By Jason Hanna, Faith Karimi and Steve Almasy, CNN
Drivers in one of the world’s most congested cities woke up to a jarring new reality Friday as they were forced to game out how to get around a collapsed portion of Atlanta’s Interstate 85 — one of the Southeast’s major north-south arteries.
A mysterious fire collapsed an I-85 northbound overpass Thursday evening — injuring no one — and also damaged the southbound portion, forcing the closure of all five lanes in each direction for the foreseeable future.
The shutdown likely sets the city up for traffic nightmares for weeks to come after creating navigation hell on Thursday with jams that extended five miles or more and stranded motorists in the immediate area for hours.
The closure comes at a sensitive time for a city accustomed to gridlock — with hordes of spring break vacationers poised to drive through the regional hub and the Atlanta Braves set to play a preseason game Friday night in their new stadium in the city’s northwest corner.
“I think it’s as serious a transportation crisis as we could have,” Atlanta Mayor Kasim Reed said Thursday evening.
‘Fell with a big kaboom’
The fire started Thursday evening under an I-85 overpass in north-central Atlanta, north of the highway’s split with I-75.
Officials said they didn’t immediately know what sparked the flames, which morphed into a massive fireball. At first, I-85 motorists drove through the smoke, and firefighters fought the flames below.
“There was a 40-feet or higher wall of fire. Power lines were falling and arcing heavily and falling in the streets,” Cortez Stafford, a spokesman for the Atlanta Fire Department, told CNN.
The elevated span of highway collapsed about 7 p.m. ET, as crews battling the fire got out of danger’s way.
As concrete began falling from under the bridge, firefighters were asked to step back, Stafford said. “Not even two minutes later, the highway fell with a big ‘kaboom.’ (It) knocked our guys back.”
While the highway is normally jammed with cars around that time, there were no fatalities, Reed said.
More than 220,000 cars per day are estimated to drive through that stretch of the interstate. Officials scrambled to come up with alternate routes and encouraged riders to use public transit.
“This is the time to start planning and looking for an alternate route on how you do your business,” Georgia Department of Transportation Commissioner Russell McMurry said Thursday evening.
Social media users posted surreal images showing motorists — before the collapse — choosing to drive into the black smoke that billowed onto the highway as the fire burned beneath them.
CNN’s Eliott C. McLaughlin was driving north on I-85 during the evening rush hour when he saw smoke rising from underneath the elevated highway.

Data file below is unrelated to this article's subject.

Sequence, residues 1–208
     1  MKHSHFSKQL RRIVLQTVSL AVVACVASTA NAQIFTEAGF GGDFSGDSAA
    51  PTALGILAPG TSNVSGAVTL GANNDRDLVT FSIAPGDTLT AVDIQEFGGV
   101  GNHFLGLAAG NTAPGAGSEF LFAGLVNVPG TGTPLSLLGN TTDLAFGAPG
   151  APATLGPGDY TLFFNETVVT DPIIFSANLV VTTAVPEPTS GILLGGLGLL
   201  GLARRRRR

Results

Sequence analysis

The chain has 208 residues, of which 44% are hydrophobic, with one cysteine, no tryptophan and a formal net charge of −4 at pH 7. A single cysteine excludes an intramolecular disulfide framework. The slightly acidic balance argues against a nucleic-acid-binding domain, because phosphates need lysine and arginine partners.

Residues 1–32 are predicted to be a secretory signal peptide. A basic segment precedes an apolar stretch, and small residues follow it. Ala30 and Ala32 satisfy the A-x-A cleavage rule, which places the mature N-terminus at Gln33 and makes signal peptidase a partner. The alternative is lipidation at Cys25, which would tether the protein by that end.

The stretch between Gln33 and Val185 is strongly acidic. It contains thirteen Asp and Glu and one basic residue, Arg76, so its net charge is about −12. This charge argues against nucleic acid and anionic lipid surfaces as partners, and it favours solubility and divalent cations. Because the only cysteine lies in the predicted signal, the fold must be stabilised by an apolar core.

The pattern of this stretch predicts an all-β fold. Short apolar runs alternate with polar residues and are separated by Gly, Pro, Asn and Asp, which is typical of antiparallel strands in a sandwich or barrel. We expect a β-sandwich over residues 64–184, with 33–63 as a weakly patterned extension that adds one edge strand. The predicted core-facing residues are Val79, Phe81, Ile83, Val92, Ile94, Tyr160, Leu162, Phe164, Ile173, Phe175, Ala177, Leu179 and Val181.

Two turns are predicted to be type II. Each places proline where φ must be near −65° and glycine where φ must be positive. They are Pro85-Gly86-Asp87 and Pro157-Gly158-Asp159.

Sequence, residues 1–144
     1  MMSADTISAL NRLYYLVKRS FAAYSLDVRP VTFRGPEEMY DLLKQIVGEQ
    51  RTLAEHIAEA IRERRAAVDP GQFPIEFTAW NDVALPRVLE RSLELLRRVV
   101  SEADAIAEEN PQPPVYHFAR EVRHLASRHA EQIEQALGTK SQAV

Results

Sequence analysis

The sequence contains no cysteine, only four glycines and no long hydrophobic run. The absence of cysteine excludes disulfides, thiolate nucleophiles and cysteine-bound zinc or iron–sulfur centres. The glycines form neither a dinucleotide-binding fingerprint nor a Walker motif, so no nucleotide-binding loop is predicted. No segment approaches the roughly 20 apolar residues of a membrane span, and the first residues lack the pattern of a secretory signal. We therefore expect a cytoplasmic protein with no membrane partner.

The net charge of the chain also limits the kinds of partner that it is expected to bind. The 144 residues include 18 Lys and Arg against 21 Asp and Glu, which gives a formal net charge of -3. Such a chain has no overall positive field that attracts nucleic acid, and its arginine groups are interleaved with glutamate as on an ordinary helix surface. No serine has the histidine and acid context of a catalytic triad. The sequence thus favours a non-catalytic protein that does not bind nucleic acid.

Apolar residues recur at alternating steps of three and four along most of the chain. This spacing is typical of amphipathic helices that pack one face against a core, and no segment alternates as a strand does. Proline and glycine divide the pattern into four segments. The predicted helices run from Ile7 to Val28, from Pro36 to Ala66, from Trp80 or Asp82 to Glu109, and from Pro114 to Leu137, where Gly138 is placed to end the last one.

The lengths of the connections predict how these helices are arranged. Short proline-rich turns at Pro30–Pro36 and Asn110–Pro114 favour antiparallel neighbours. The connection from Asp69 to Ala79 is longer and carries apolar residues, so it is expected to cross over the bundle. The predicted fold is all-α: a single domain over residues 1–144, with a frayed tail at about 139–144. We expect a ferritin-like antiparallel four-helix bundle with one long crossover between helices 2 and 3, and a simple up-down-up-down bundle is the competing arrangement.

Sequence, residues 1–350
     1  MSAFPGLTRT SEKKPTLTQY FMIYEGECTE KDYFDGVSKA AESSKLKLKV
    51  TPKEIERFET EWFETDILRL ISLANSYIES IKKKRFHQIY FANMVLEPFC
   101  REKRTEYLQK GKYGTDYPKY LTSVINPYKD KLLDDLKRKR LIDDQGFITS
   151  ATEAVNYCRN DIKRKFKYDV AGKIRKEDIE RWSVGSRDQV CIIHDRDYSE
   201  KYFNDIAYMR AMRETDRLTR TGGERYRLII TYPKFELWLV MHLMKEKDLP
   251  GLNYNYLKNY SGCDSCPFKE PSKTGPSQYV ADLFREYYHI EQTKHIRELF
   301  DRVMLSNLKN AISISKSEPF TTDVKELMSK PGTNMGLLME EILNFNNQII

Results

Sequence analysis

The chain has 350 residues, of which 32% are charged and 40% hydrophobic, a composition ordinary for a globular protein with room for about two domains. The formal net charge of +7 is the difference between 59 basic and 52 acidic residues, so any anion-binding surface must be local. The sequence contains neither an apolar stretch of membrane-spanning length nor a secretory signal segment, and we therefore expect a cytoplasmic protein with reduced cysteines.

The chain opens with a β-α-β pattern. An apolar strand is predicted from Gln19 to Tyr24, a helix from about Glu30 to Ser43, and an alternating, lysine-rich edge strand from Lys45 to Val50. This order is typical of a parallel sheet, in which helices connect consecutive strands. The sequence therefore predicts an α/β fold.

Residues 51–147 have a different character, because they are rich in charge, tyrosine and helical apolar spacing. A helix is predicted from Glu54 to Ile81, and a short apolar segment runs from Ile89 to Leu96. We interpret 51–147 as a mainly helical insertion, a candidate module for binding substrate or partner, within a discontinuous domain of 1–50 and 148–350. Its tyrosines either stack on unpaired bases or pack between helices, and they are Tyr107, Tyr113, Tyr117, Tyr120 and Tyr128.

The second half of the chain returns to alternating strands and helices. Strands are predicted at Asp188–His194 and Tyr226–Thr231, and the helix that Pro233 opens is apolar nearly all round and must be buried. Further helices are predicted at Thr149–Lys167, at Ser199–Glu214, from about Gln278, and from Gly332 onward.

Many cars on the left side of the five-lane section barreled through the thick black smoke. They disappeared into the darkness as they drove, he said.
McLaughlin slowly followed the taillights of an SUV through the smoke.
Soon, interstate traffic was stopped and turned around, creating long jams.
What caused the collapse?
As word of the incident spread, so did the speculation.
Reed, Atlanta’s mayor, did not provide details on what caused the collapse, but said it is not linked to terrorism and an investigation is underway.
“We’ve spoken to the special agent in charge of FBI, there is no evidence this is related to terrorism,” he said Thursday night.
Gov. Nathan Deal said he heard speculation it was caused by some “PVC products that caught fire.”
Two fire trucks from Hartsfield-Jackson Atlanta International Airport in south Atlanta rushed to the scene and sprayed foam on the fallen section and flames.
‘It’s going to take some time’
Authorities worked through the night to access the bridge and ensure the risks from the collapse are contained.
“There is a possibility you could have a further collapse,” Reed said. “We still have personnel at the sight making sure there are no hotspots. We won’t know the area of vulnerability for the bridge until tomorrow.”
The company that originally built the elevated highway would assess the damage, Deal told reporters.
“It’s going to take some time to get it repaired and to get it back in service,” he said, without offering a timeframe for reopening.
Not business as usual
MARTA, Atlanta’s rail and bus system, will offer extended service through the weekend.
One school district, in nearby DeKalb County, canceled classes for Friday. Schools in Atlanta will be open, Reed said, and city and state offices won’t open until 10 a.m.
Weeks of repair ahead
Most structural materials lose strength when subjected to high temperature, meaning the concrete could have been compromised by the heat, said Reginald DesRoches, a professor at Georgia Tech.
It is too early to say how long it will take to repair the highway, he said.
“It certainly can take anywhere from several weeks to several months,” he said. “The surrounding sections of the highway will be evaluated to determine if any damage was sustained from the heat. It is probably prudent to check both sides of the adjacent sections (northbound and southbound).”
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